Original Research ARTICLE
Microstructural Abnormalities Were Found in Brain Gray Matter from Patients with Chronic Myofascial Pain
- 1Department of Anesthesiology, The First Affiliated Hospital of Xinjiang Medical University, Urumqi, China
- 2Department of Anesthesiology, Zunyi Medical University, Zunyi, China
- 3Department of Radiology, Zunyi Medical University, Zunyi, China
- 4Guizhou Key Laboratory of Anesthesia and Organ Protection, Zunyi Medical University, Zunyi, China
- 5Department of Anatomy and Cell Biology, University of Kansas Medical Center, Kansas City, KS, USA
Myofascial pain, presented as myofascial trigger points (MTrPs)-related pain, is a common, chronic disease involving skeletal muscle, but its underlying mechanisms have been poorly understood. Previous studies have revealed that chronic pain can induce microstructural abnormalities in the cerebral gray matter. However, it remains unclear whether the brain gray matters of patients with chronic MTrPs-related pain undergo alteration. In this study, we employed the Diffusion Kurtosis Imaging (DKI) technique, which is particularly sensitive to brain microstructural perturbation, to monitor the MTrPs-related microstructural alterations in brain gray matter of patients with chronic pain. Our results revealed that, in comparison with the healthy controls, patients with chronic myofascial pain exhibited microstructural abnormalities in the cerebral gray matter and these lesions were mainly distributed in the limbic system and the brain areas involved in the pain matrix. In addition, we showed that microstructural abnormalities in the right anterior cingulate cortex (ACC) and medial prefrontal cortex (mPFC) had a significant negative correlation with the course of disease and pain intensity. The results of this study demonstrated for the first time that there are microstructural abnormalities in the brain gray matter of patients with MTrPs-related chronic pain. Our findings may provide new insights into the future development of appropriate therapeutic strategies to this disease.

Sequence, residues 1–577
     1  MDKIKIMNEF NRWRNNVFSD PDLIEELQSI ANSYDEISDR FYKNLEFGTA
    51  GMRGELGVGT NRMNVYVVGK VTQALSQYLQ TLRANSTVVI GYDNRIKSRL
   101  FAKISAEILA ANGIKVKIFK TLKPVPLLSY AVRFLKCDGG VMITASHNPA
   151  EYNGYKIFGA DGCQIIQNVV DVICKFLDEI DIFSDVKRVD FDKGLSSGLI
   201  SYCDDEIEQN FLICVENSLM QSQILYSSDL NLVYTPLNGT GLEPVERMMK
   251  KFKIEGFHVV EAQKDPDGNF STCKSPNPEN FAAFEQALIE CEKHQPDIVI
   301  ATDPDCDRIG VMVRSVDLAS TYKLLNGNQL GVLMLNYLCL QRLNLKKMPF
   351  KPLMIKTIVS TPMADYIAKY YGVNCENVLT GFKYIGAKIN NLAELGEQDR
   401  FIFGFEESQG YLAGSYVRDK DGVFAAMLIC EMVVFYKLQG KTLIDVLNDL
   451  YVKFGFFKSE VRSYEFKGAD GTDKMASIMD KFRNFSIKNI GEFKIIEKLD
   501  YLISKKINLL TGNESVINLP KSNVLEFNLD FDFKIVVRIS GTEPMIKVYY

Myofascial pain syndrome is a common type of chronic pain involving the skeletal muscles and is characterized by the presence of myofascial trigger points (MTrPs). MTrPs are clinically defined as highly localized and cord-shaped sensitive areas in the skeletal muscle that have tension and can be palpated. Stretching, pressing, or contraction of the skeletal muscles may trigger characteristic pain, which is often accompanied by referred pain. MTrPs can be classified into active MTrPs and latent MTrPs. Active MTrPs induce spontaneous pain or motion-induced reactive pain, while latent MTrPs induce pain or discomfort only when pressed (Simons, 2008; Xie et al., 2015). As an illness, MTrPs-related myofascial pain has a prevalence of 21–30% in the general population (Borg-Stein and Iaccarino, 2014). In the United States, over 44 million individuals have developed this disease and collectively require 47 billion dollars in medical expenditures every year (Wheeler, 2004).